It started like this: She leaned over with her hand cupped around her mouth, and with her soft low voice against my ear, she whispered: "Wear yore darkest clothes, chile, an' meet me right here jus' 'fore dark. We're gonna git some rose maller seeds." "Aunt Bett, marshmalla seeds? Marshmallas don't . . . " That hand clamped itself over my mouth before I could say another word or even take a breath. Her next whisper was a little louder: "Hush yore mouth, chile, ya cain't grab seeds if ya cain't keep quiet!" The night got worse before it got better.
Hibiscus coccineus is one of those glorious plants that grows and blooms year after year, sporting the biggest blooms and the most dainty foliage you ever saw, with hardly any help from a gardener. It's simply one of the most beautiful natives in my part of this country. We called it Scarlet Rose Mallow.
It was Aunt Bett who taught me to appreciate the plant when I was about 8, maybe 9, even if I thought she was leading me straight into a life of crime at the time. Let me tell you a little about the plant before we jump into one of Aunt Bett's seed-grabbing shenanigans.
Scarlet Rose Mallow is native to the southeastern part of the United States, appearing sparsely in the area of the southern Appalachians but more heavily in Georgia, Alabama and Florida. It grows along streams and in marshy areas and needs lots of sunshine and water to bloom. That's one reason it was such a rare find in my mountains because the numerous mountain streams weren't always located in sunshine. Most of them were covered in shade. Until the night of our evening seed raid, I don't think I had ever seen the plant blooming.
It's a perennial that grows pretty well in Zones 5 and 6 and very well in Zones 7 - 9. In the cooler zones it needs heavy mulching to make it safely through a harsh winter. It's happy in most garden soils and will grow in part shade, but it needs more sun to produce heavy blooms. It really isn't a bush, but the roots produce single stalks that are anywhere from 3 to 7 feet tall and it blooms here in zone 7 from July to September. Its five-petaled, bright scarlet flowers are 6 to 9 inches in diameter, and even though the blooms last for only a day, there are numerous buds just waiting to take their places. Like most of the hibiscuses, they have a long showy stamen column, usually red as well. The interesting part about the dark green lacy foliage is that the palmate leaves are 5 to 6 inches wide, like the spread of fingers on a hand, but also very much like the foliage of hemp/marijuana. It's easy to confuse the two. Hummingbirds love those scarlet flowers, and so do butterflies.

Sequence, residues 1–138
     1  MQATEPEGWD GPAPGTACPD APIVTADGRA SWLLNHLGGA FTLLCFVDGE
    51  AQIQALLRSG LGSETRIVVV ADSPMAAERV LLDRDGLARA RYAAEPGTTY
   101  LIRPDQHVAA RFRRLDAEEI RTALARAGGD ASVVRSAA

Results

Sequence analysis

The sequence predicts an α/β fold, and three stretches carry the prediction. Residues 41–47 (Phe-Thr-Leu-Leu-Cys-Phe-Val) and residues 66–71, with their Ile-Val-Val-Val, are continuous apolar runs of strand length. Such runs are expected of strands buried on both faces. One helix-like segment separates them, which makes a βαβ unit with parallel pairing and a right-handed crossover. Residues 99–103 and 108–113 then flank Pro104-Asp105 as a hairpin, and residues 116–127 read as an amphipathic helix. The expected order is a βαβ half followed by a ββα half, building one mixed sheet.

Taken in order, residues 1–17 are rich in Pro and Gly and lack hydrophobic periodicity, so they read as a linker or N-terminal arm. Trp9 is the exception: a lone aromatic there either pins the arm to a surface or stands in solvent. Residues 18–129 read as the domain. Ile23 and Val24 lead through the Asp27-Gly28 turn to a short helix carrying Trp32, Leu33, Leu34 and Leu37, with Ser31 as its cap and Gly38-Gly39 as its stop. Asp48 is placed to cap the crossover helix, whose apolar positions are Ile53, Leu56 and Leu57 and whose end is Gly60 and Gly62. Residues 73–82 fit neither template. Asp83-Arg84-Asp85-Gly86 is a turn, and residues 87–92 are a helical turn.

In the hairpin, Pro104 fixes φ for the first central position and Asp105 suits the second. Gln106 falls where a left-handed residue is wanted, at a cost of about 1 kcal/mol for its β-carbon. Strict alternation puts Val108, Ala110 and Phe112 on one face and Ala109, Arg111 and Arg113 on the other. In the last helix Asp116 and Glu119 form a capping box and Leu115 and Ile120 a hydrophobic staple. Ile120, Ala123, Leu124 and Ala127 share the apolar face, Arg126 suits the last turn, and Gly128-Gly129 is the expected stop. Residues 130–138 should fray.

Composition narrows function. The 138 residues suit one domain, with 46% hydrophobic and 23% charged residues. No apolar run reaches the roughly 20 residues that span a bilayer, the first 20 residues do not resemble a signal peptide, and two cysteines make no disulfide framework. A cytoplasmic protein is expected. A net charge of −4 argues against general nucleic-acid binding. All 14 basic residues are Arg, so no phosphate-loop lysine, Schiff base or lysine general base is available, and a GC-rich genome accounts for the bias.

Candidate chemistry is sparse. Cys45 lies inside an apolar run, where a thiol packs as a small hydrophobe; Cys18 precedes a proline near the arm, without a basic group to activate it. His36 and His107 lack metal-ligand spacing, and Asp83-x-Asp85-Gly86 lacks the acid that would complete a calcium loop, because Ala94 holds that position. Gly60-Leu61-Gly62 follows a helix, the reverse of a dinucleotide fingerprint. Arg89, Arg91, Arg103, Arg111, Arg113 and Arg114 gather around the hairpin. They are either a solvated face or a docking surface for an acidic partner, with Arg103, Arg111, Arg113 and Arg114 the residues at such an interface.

It dies back in late fall and the stalks can be cut back then, but I usually leave a couple of feet of those tall stalks so I'll know where to expect new growth in the spring. It's also easier then to distribute mulch evenly with the stalks visible. The seeds are formed inside pods, which are green at first and then darken to nearly black when the seeds are ripe. The pods pop open and seeds fall to the ground or you can collect the pods just as they darken and save the seeds. New growth will come from those seeds that fall, without even being covered with soil.
Though they need to grow near water to bloom well, they seem to survive droughts pretty well, too. It's best if they are given extra water during dry times, the same as with most other plants. Also, the same as with other plants, they might look a little different in different climates, but you can always tell by the lacy palmate foliage whether it is Hibiscus coccineus
. You can also find different varieties in some locations. Texas Star is one of them. Texas Star can be white instead of red. Just look at the leaves and then you'll know for sure.
Now let's go seed-grabbing with Aunt Bett. It really isn't as bad as it sounds. Maybe.